GOP Warns of Tough Oversight; Skelton Gone

GOP Warns of Tough Oversight; Skelton Gone

UPDATED: McKeon Sets HASC Priorities; Calls For Spending on “Threats of Tomorrow”

In the most surprising vote of the election for defense watchers, the chairman of the House Armed Services Committee, Rep. Ike Skelton, was soundly defeated last night. Skelton, who has served in the House for 33 years, had been solidly ahead in most recent polls. Then the people voted and then he lost last night by more than 5 percent to Vicky Hartzler, who attracted Tea party support. Ooops.

One other senior Democratic lawmaker on the HASC lost. Rep. Gene Taylor of Mississippi, chairman of the seapower committee, lost even though he was one of the most conservative Democrats in the House. Taylor lost to a Republican State Senator, Steven Palazzo, who we can count on to vigorously support shipbuilding given his district. Of course, he won’t have the heft Taylor did as subcommittee chairman. These losses leave the Democrats in almost complete disarray in the HASC. Who will lead the party as ranking member will become a major parlor game for Hill watchers. Rep. Buck McKeon’s selection as HASC chairman is very likely. Before the election there were no murmurs of dissatisfaction with his leadership.


Overall, I don’t foresee a lot of change in how the HASC handles things military with the ascension of the GOP. McKeon issued a statement Wednesday morning outlining his priorities for the HASC. Top of the list was “focused and aggressive” oversight. In terms of money, he offered some spin that may not appeal greatly to some of the Tea Party types focused on slashing the federal deficit.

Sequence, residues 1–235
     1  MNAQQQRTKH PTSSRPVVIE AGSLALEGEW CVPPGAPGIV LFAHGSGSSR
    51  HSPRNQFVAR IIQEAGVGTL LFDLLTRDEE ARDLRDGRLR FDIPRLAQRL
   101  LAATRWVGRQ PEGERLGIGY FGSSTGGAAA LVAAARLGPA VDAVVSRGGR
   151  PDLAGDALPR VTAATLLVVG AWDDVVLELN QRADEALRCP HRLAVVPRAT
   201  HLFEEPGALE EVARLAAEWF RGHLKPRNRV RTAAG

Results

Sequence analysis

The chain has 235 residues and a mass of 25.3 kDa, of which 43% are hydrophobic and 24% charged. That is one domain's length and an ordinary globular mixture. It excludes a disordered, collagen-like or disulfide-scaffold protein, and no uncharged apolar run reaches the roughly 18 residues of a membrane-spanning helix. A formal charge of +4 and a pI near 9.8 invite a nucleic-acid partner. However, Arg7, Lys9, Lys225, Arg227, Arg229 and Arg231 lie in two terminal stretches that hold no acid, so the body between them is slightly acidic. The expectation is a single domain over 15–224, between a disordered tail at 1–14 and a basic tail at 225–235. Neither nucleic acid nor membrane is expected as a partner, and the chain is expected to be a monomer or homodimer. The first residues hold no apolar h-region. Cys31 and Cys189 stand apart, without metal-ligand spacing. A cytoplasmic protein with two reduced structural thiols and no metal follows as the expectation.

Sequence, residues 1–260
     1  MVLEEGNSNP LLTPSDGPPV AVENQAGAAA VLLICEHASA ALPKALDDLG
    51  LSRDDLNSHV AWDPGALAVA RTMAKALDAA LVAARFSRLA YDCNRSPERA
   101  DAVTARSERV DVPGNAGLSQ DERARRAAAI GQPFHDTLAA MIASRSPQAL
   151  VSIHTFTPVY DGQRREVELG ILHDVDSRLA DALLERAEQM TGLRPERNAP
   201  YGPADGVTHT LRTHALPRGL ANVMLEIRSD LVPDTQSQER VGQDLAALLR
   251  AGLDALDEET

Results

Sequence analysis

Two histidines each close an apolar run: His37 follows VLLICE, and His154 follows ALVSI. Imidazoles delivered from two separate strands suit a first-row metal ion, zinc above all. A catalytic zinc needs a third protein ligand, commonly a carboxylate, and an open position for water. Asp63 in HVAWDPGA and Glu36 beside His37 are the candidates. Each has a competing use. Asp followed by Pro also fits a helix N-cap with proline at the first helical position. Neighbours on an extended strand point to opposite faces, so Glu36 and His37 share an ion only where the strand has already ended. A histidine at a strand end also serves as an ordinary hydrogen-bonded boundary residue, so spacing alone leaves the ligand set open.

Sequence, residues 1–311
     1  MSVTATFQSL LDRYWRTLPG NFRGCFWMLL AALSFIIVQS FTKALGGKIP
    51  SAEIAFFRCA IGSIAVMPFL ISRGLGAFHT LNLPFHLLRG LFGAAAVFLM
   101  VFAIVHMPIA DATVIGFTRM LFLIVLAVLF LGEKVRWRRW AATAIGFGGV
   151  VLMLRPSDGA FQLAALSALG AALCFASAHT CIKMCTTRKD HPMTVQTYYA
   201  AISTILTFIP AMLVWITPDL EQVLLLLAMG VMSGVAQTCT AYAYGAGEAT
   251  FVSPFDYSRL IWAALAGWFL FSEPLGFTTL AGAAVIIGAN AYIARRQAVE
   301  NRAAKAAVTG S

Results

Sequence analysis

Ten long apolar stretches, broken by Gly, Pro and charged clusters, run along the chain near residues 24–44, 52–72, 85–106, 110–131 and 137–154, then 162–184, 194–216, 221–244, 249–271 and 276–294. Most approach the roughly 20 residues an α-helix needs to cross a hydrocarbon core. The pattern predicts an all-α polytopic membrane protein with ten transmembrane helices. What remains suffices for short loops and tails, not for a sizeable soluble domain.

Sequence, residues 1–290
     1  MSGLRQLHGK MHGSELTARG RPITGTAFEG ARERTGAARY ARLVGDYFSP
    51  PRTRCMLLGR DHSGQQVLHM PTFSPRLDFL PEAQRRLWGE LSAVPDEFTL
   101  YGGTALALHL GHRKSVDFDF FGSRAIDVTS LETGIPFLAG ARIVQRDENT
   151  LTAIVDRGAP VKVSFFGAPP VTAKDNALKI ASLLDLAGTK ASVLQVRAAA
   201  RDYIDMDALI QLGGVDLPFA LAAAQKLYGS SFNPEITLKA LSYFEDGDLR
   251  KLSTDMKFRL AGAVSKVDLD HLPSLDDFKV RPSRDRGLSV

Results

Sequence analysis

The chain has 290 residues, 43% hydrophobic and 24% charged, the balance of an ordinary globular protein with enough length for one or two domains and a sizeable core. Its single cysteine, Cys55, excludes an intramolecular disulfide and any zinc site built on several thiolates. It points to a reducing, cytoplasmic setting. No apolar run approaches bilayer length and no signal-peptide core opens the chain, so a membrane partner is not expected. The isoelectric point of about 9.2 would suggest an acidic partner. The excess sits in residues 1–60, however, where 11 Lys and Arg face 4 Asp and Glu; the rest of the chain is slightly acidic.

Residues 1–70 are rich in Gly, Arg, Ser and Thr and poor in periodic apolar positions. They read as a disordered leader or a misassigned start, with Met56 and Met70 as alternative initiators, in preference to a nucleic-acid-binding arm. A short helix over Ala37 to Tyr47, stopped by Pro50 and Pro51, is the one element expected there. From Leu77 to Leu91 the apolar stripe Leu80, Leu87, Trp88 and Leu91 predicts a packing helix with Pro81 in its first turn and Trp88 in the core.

“Our citizens have spoken, and they want a defense budget that is sufficient to address the challenges of today and the threats of tomorrow,” he said, adding that the administration’s plan for one percent real growth in the base defense budget “is a net reduction for modernization efforts.” On top of Gates’ focus on the wars we are fighting today, McKeon speaks of “investing in the capabilities and force structure needed to protect the United States from tomorrow’s threats.” Then, in what sounds like a nod to the Tea Party, he adds he will do this “while mandating fiscal responsibility, accountability, and transparency” from the Pentagon. That does not sound like the GOP-led HASC will have much time for the administration’s likely budget when it comes out in February.

McKeon also sent a clear signal to Senate Democrats, saying he and his “are committed to passing a National Defense Authorization Act for Fiscal Year 2011 that is not weighed down by the current majority’s social agenda items.” Sen. Harry Reid will doubtless take note of this and ask Sen. Carl Levin to strip his bill of all offending language and pass it forthwith (sarcasm note for those who might think I’m serious).

In terms of some of the high-profile programs, the F136 engine still has strong support in the committee, as does the F-35. The Army’s combat and tactical wheeled vehicle programs are unlikely to get much less oversight. And the Senate is still controlled by the Democrats, ensuring more continuity than the Tea Party folks will be happy with. One likely trend: more criticism of Defense Secretary Robert Gates and his approach to defense policy. That’s safe, since Gates will probably be gone soon after the GOP actually takes control of the House.

Before the election a senior Republican congressional aide told me they weren’t measuring for the drapes yet. Time to take out the tape measures.